Christa and Ocke Bohn, 88 years old at the time of the interview, are quoted as an example of this habit. “Two bottles are always in our fridge,” they report, saying, “The liqueur tastes good and reminds us of America.” Ocke Bohn, born in the USA in 1929, came back to Föhr with his parents in 1945, then went back to New York in 1950 and stayed there until 1961, when he and his wife, who was from Föhr, ran a “New York Deli” on Long Island, where they always had fresh food, salads and sandwiches. Today, each of their visitors is served a Manhattan cocktail. “Quite normal on Föhr. What else are we supposed to offer? Tea, for example?” they say. [2] [4] [5]

Jan Robert Hinrichsen tells a similar story. In 1865, his great-great-grandfather Hinrich Cornelius emigrated to New York and returned 15 years later to bring back money. His son followed tradition and left Föhr in 1905 to work as a bartender in New York. Jan Hinrichsen’s father was born in the Bronx and the family returned to Föhr in 1959. “My father kept his American accent until he died,” Jan Hinrichsen said, and “he was always homesick for New York, but he was a Frisian at heart. I remember him saying that it was easier for a Frisian to feel welcome in New York than in Bavaria.” He also said, “This island survived hard years of whaling and farming, and drinking became part of our social fabric. From birth to death, it is part of who we are.[4]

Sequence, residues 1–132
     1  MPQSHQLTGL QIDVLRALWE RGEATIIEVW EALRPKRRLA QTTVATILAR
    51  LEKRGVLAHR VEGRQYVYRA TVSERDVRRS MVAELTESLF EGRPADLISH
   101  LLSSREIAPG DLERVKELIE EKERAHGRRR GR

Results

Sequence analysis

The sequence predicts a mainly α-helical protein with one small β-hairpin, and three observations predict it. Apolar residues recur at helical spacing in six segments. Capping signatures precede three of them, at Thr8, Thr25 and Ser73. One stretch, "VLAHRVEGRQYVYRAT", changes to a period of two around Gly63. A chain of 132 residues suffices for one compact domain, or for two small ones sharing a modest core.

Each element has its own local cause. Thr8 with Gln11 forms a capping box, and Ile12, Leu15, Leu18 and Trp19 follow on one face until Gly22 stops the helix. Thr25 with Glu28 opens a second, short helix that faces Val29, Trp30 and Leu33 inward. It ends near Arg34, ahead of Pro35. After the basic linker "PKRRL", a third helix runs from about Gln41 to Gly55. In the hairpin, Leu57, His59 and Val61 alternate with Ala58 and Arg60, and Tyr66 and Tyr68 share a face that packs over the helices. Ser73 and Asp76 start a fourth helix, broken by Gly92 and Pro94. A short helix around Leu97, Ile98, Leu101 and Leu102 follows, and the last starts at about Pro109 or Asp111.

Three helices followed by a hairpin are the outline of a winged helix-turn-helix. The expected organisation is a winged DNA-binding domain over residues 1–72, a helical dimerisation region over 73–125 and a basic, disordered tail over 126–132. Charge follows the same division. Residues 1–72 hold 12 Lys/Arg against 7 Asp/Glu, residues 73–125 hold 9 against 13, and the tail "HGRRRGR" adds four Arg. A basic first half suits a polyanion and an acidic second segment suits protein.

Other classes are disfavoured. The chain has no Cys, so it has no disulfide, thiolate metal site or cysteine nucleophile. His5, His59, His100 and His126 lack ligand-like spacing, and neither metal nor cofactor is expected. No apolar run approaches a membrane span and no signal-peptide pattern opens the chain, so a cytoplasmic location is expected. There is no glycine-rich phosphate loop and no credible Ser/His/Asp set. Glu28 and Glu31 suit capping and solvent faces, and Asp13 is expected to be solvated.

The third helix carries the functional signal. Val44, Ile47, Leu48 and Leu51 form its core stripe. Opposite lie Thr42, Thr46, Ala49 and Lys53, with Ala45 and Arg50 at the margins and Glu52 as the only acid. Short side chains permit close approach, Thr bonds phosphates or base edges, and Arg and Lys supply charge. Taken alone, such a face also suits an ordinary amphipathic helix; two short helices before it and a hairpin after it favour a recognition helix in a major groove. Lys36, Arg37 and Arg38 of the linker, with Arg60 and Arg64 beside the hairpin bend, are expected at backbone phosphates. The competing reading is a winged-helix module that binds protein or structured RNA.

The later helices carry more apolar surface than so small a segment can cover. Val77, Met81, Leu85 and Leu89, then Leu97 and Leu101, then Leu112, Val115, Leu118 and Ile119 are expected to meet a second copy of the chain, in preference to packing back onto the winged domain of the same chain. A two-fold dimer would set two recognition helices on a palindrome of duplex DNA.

The Manhattan Cocktail is traditionally drunk on Föhr not only at every celebration, no matter how small. In the meantime, it has also developed into a successful business model. Around twenty years ago, it is reported, Jann-Oluf Arfsten filled 500 bottles of Manhattan Cocktail “just for fun“, as a mixture of Canadian whiskey, red Martini and white Martini. Today he sells around 6000 bottles a year and says: “On the island, everyone mixes their own Manhattan.” He is just the only one who bottles it in a beautiful bottle with a nice trademark. [2]